Searching for smart, safe news you can TRUST?

Support safe, smart, REAL journalism. Sign up for our Axios AM & PM newsletters and get smarter, faster.

Please enter a valid email.

Please enter a valid email.

Subscription failed
Thank you for subscribing!

Searching for smart, safe news you can TRUST?

Support safe, smart, REAL journalism. Sign up for our Axios AM & PM newsletters and get smarter, faster.

Please enter a valid email.

Please enter a valid email.

Subscription failed
Thank you for subscribing!

Denver news in your inbox

Catch up on the most important stories affecting your hometown with Axios Denver

Please enter a valid email.

Please enter a valid email.

Subscription failed
Thank you for subscribing!

Des Moines news in your inbox

Catch up on the most important stories affecting your hometown with Axios Des Moines

Please enter a valid email.

Please enter a valid email.

Subscription failed
Thank you for subscribing!

Minneapolis-St. Paul news in your inbox

Catch up on the most important stories affecting your hometown with Axios Minneapolis-St. Paul

Please enter a valid email.

Please enter a valid email.

Subscription failed
Thank you for subscribing!

Tampa-St. Petersburg news in your inbox

Catch up on the most important stories affecting your hometown with Axios Tampa-St. Petersburg

Please enter a valid email.

Please enter a valid email.

Subscription failed
Thank you for subscribing!

Please enter a valid email.

Please enter a valid email.

Subscription failed
Thank you for subscribing!

Dave Jorgenson

The overwhelming size of yesterday's peaceful women's marches against Trump in 50-plus countries stunned even the organizers. In Washington, a huge column marched past Lafayette Park, across from the White House, and women with pink hats and signs screamed and chanted at Trump's motorcade.

  • How it came together: Jenny Backus, a veteran Dem organizer, emails us: "[O]ne of the biggest winners of this whole thing is Facebook and Zuckerberg. This was pretty much a testimony of what the Internet can do right … after an election which was an example of what the Internet can do wrong — fake news."
  • Backus says the untraditional organizing showed up in good and bad ways. Good: "reaching folks who had never done something like this — looking and feeling truly organic." Bad: "lack of traditional organizers and advance folks to help on staging, crowd movement."
  • The big picture: A front-page analysis by the L.A. Times' Cathleen Decker, who has covered 10 presidential campaigns, says marchers talked about trying to form a lasting opposition: "Not for decades, since 1960s protesters took to the streets against the Vietnam War, has a chief executive faced such visible opposition."
  • The crowd math: N.Y. Times graphics editors Tim Wallace and Alicia Parlapiano quote crowd-counting experts as saying that the D.C. march was roughly triple the size of the inauguration — 160,000 on the National Mall and vicinity in the hour leading up to Trump's speech on Friday, and 470,000 at about 2 p.m. yesterday.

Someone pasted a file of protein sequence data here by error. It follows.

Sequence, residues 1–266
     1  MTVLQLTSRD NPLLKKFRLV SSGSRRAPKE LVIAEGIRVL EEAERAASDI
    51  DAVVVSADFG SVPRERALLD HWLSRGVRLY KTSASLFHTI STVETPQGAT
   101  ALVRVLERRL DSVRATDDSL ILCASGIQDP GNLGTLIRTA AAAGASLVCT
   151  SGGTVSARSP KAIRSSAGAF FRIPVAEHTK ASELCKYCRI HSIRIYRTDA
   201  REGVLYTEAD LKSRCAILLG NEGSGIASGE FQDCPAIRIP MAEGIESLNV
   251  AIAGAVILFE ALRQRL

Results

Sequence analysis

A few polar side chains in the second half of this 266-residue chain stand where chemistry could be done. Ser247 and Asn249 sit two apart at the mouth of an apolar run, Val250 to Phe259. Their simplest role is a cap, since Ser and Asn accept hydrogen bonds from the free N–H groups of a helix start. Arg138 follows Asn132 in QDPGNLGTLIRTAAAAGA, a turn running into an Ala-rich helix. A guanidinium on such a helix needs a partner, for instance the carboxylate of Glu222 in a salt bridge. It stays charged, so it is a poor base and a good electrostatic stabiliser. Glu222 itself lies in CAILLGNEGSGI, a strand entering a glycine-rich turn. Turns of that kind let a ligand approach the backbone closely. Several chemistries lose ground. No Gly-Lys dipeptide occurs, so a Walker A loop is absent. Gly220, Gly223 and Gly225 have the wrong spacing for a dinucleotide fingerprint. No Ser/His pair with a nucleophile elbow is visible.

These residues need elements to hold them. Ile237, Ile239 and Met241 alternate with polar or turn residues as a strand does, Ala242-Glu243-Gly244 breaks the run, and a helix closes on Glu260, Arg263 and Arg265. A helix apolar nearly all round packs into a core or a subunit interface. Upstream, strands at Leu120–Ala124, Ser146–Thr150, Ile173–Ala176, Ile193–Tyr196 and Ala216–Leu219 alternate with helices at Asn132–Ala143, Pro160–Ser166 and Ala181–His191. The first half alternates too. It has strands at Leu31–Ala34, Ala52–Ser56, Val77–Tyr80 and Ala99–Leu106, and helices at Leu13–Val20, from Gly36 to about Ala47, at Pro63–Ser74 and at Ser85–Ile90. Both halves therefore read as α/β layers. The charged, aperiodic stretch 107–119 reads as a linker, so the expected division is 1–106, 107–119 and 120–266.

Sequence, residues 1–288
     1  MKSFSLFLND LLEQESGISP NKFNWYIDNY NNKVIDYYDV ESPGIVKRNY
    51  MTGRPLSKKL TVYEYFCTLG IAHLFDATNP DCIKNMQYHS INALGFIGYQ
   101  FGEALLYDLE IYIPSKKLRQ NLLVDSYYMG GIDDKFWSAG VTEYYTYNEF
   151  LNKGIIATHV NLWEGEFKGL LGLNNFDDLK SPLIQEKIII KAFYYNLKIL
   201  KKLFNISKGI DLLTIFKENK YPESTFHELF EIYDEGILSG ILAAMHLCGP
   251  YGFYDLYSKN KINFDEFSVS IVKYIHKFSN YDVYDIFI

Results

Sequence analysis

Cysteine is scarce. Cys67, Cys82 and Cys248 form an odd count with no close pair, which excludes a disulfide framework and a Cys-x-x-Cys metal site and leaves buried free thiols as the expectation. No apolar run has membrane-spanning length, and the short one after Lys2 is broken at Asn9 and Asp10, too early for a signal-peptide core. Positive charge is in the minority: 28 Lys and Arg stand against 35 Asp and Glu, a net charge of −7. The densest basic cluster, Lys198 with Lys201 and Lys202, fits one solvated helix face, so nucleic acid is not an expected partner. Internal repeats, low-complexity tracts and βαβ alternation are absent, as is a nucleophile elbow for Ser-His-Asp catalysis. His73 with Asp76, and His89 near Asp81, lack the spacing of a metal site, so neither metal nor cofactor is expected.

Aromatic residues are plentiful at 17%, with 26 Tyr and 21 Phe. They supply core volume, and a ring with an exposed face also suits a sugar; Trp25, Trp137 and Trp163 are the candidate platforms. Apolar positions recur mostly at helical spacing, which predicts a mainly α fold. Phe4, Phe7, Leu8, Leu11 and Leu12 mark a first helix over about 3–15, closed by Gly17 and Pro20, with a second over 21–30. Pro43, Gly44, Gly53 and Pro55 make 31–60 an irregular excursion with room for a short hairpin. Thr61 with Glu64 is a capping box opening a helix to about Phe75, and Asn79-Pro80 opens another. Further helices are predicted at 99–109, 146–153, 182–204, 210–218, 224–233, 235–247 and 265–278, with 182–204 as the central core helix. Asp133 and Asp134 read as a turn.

• Just asking: Did anyone notice the irony of the crude, discriminating language and signs used by some to lambaste a president they condemn as crude and discriminating?

Spotted … Josh Kushner — investor and entrepreneur, and Jared's younger brother — at the anti-Trump women's march in D.C. Sources close to Josh Kushner tell Axios' Dan Primack that he's in D.C. supporting his brother, and that he was taking a walk near his hotel when a photo was taken. He also wanted to observe what the source referred to as "a peaceful form of self expression."

Subscribe to Axios AM/PM for a daily rundown of what's new and why it matters, directly from Mike Allen.
Please enter a valid email.
Please enter a valid email.
Server error. Please try a different email.
Subscribed! Look for Axios AM and PM in your inbox tomorrow or read the latest Axios AM now.

Go deeper

Updated 42 mins ago - Politics & Policy

Coronavirus dashboard

Illustration: Sarah Grillo/Axios

  1. Health: Large coronavirus outbreaks leading to high death rates — Coronavirus cases are at an all-time high ahead of Election Day — U.S. tops 88,000 COVID-19 cases, setting new single-day record.
  2. Politics: States beg for Warp Speed billions.
  3. World: Taiwan reaches a record 200 days with no local coronavirus cases.
  4. 🎧Podcast: The vaccine race turns toward nationalism.

Technical glitch in Facebook's ad tools creates political firestorm

Facebook CEO Mark Zuckerberg. Photo: SOPA Images / Contributor

Facebook said late Thursday that a mix of "technical problems" and confusion among advertisers around its new political ad ban rules caused issues affecting ad campaigns of both parties.

Why it matters: A report out Thursday morning suggested the ad tools were causing campaign ads, even those that adhered to Facebook's new rules, to be paused. Very quickly, political campaigners began asserting the tech giant was enforcing policies in a way that was biased against their campaigns.

2 hours ago - Health

States beg for Warp Speed billions

A COVID-19 drive-thru testing center yesterday at Hard Rock Stadium in Miami Gardens. Photo: David Santiago/Miami Herald via AP

Operation Warp Speed has an Achilles' heel: States need billions to distribute vaccines — and many say they don't have the cash.

Why it matters: The first emergency use authorization could come as soon as next month, but vaccines require funding for workers, shipping and handling, and for reserving spaces for vaccination sites.